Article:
It is a commonly held belief that nations are incapable of truly cooperating with one another and are only inherently driven by individualistic self-interest. This conceptualization of the world seems to posit that any cooperation that does occur between states is a by-product of selfish drive, and definitionally temporary at best. States never agree to do anything which will not, in one way or another, benefit themselves. It is easy to fall into this pattern of thinking in light of recent events. The past fifteen years or so have seemed, to many, to be a downward spiral into intense, frightened separatism and heightened international tensions. 9/11 springs to everybody’s mind as a landmark event of the early 2000s. Its image is perhaps the most recognizable symbol of a divide in existence. It seems that many of the explicitly and self-consciously self-interested policies being adopted by states in the present find their source at this initial wellspring of panic. People have not stopped being frightened; in fact, the fear seems only to have intensified. The product of this fear is an increasingly powerful psychological division between ‘us’ and ‘them,’ stemming from a primal instinct whose response to insecurity is to look for safety in the familiar, in a tightening of ranks. But it is increasingly clear that this response, so ostensibly logical as to be obviously appropriate, is not going to heal the world’s current crisis of security.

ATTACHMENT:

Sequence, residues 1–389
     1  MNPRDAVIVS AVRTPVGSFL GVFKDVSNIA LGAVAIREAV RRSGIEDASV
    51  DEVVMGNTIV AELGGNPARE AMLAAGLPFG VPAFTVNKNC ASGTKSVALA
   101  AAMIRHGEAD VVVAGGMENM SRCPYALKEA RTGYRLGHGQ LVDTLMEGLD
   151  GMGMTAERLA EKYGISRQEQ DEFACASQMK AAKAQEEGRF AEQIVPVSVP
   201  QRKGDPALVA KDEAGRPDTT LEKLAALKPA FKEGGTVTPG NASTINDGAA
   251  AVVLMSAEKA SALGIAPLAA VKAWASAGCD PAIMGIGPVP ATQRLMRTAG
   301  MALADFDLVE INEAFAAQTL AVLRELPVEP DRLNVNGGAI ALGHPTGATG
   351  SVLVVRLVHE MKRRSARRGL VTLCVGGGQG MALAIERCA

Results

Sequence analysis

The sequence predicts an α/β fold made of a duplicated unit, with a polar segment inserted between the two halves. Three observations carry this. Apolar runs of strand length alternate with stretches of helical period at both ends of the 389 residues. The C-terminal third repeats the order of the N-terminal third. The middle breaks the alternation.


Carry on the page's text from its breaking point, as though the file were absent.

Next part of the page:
Those who believe that true international cooperation is not possible can find plenty of evidence for their beliefs in the events of recent weeks and months. Just this week, Donald Trump fulfilled one of his key campaign promises by withdrawing the U.S.A. from the Paris Climate Change Agreement, setting it apart from almost every other nation in the world. It joins the ranks of only two other nations which have not ratified the agreement; Nicaragua (who did not think that it was strict enough on economically prosperous countries) and Syria. President Trump has been quoted claiming that climate change itself is a ‘hoax’ manufactured by the Chinese to undermine American economic prosperity, stating in a Tweet that ‘the concept of global warming was created by and for the Chinese in order to make U.S. manufacturing non-competitive.’ Concerningly, after pulling out of the agreement Trump justified his decision, stating in a speech that ‘the rest of the world applauded when we signed the Paris Agreement — they went wild; they were so happy — for the simple reason that it put our country, the United States of America, which we all love, at a very, very big economic disadvantage.’ This view, from possibly the most powerful leader in the world, speaks volumes about current attitudes to international cooperation. Others would assume that the applause, while America signed the Paris Accord, was a celebration of the international attempt to solve the defining problem of our generation. It was an acknowledgement that true cooperation, unclouded by more powerful national agendas, is absolutely necessary if this problem is not to define the coming century. Trump clearly read the room differently.